One area where I think I would differ slightly from Rick is -- or actually agree with him is that giving does indicate a certain amount of support. And when you look at the small grassroots donations that the Obama campaign is receiving, there's no question a vast majority -- or a significant amount of his money is coming from small donors.

The majority of his donors are people that have given $200 or less. And that can't be said about the Republican Party. And I read some astonishing figure on the way over here about how -- I think it's like 17 -- or 80-some percent of all the money that has been given in this election campaign is coming from just a very, very, very small group of people. That says a lot about the shifting paradigm of campaign fundraising.

JUDY WOODRUFF: And, Rick Davis, it is a fact that we do hear a lot about these fat cats, to use the term, millionaires, billionaires, who are giving money to both campaigns. Governor Romney does seem to be benefiting from those big checks going to the super PACs, doesn't he?

RICK DAVIS: Well, setting super PACs aside, basically aligning the two campaigns' fundraising, the thing you have to remember is Barack Obama has raised more fat cat money per capita than Mitt Romney has. Barack Obama raised more money than Mitt Romney has.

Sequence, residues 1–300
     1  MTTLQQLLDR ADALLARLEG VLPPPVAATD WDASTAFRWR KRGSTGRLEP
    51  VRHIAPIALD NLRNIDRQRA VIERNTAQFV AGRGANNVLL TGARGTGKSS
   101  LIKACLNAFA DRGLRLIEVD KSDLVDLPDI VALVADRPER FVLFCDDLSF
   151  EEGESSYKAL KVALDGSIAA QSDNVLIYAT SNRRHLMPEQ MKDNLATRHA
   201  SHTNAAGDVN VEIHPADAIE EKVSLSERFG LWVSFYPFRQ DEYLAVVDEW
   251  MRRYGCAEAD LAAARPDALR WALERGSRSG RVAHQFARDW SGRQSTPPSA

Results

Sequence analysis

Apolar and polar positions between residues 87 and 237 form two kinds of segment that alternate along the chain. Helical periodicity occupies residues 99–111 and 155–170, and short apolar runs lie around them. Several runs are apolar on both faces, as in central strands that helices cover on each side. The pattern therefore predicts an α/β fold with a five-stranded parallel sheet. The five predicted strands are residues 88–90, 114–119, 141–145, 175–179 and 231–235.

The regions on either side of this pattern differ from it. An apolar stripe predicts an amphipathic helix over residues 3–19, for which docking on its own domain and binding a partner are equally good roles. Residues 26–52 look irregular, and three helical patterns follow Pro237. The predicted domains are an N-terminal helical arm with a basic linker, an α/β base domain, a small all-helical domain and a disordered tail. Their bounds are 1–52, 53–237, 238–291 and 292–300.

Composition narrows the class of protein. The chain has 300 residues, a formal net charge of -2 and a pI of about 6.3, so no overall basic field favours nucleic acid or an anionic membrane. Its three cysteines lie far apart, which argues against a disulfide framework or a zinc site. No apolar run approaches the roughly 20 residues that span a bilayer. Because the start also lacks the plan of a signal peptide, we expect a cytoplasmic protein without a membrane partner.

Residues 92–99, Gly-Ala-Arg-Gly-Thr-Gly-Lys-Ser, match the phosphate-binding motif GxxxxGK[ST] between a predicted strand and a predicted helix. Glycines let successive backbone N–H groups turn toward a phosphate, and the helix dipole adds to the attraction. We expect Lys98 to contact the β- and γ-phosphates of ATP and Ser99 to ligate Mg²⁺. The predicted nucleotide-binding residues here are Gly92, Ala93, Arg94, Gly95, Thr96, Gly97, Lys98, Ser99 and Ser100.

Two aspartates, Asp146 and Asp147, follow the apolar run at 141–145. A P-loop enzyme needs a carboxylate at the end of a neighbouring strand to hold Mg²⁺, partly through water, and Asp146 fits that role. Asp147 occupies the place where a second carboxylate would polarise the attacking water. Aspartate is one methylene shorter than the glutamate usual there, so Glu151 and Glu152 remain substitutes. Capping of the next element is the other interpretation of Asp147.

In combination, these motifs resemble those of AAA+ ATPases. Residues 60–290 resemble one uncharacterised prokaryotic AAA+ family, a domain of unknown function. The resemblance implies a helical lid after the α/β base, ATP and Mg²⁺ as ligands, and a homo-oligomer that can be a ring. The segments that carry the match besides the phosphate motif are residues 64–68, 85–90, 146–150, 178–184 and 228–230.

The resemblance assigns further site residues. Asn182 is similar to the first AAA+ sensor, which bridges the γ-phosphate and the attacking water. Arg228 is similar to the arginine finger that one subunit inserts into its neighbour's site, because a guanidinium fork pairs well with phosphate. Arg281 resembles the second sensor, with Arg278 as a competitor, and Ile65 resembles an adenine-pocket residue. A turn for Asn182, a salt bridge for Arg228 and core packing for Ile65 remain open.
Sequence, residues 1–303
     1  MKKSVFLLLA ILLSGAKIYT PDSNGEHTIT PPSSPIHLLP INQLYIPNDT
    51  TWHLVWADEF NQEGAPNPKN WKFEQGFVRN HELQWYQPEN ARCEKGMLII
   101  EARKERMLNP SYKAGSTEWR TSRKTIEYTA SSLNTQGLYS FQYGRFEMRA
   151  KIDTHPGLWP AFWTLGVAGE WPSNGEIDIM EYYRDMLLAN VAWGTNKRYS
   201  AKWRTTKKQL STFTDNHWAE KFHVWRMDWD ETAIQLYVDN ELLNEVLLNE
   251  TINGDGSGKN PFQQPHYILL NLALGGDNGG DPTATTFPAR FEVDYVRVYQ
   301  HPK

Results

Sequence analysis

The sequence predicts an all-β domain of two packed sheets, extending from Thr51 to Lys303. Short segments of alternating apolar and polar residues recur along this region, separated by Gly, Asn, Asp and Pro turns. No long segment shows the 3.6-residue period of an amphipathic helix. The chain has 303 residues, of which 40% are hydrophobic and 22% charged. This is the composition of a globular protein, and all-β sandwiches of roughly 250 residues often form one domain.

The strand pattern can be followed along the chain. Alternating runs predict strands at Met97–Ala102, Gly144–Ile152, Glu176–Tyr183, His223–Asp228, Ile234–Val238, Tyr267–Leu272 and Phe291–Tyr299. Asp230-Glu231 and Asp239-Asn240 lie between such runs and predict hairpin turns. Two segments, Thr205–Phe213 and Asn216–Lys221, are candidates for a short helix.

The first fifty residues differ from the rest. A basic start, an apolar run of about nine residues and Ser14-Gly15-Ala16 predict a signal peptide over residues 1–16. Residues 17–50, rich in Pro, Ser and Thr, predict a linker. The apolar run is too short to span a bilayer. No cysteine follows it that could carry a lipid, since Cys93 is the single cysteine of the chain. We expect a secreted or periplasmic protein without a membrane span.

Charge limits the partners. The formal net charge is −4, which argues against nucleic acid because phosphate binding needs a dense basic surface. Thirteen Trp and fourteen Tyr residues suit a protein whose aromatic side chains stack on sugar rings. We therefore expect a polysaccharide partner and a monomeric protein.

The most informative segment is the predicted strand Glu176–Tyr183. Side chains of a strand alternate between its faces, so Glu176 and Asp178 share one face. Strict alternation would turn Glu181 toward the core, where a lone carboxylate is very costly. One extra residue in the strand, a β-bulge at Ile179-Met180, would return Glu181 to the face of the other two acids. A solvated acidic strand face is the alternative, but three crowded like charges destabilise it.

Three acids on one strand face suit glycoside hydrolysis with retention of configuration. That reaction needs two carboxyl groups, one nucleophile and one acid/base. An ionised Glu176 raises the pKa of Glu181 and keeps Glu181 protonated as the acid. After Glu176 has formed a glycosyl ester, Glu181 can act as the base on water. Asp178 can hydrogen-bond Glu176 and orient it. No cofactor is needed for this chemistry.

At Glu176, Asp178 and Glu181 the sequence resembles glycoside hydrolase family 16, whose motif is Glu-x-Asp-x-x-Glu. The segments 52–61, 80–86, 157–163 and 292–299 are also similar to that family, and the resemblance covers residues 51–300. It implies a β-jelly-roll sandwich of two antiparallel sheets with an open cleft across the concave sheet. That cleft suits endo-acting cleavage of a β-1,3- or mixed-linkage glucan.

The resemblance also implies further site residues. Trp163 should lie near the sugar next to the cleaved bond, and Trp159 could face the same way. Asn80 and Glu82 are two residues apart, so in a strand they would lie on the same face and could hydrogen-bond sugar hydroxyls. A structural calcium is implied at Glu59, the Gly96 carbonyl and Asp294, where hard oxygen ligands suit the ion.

And so you can make a lot of comparisons, but when you look at how many fat cats have donated to any one campaign, Barack Obama owns that title. And the fact that you have outside spending is not something new. It's been happening really over the last 20 years. And the facts are that Barack Obama in 2008 had an opportunity to fall under the campaign finance rules.

He actually had an agreement with John McCain to do so and then broke his agreement when he realized, oh, I can raise more money this time than I ever thought wildly possible. So, if anybody has undermined the campaign finance system more than any other individual, it's probably Barack Obama.

So it's kind of funny now that he would start complaining about it. My sense is he probably protests too much.

JUDY WOODRUFF: You want to respond to that now?

MO ELLEITHEE: Yes. Yes, there's been outside spending for 20-some years, but never at this level.

Never -- the Citizens United court case just completely scrambled the playing field. It changed the dynamic completely. And there's no question that's benefiting the Republicans in this election.

JUDY WOODRUFF: The other thing I want to ask both of you about, Mo Elleithee, is the fact that the Obama campaign is, to coin a term, burning through the money that it has at a lot -- at a much higher rate than the Romney camp, $400 million in the first half of the year vs. $130 million.

What are they spending that money on?

MO ELLEITHEE: Well, I think on two things primary, one, message and, two, organization. Organization, they -- they made early investments in the key battleground states to put organizers on the ground, set up field offices.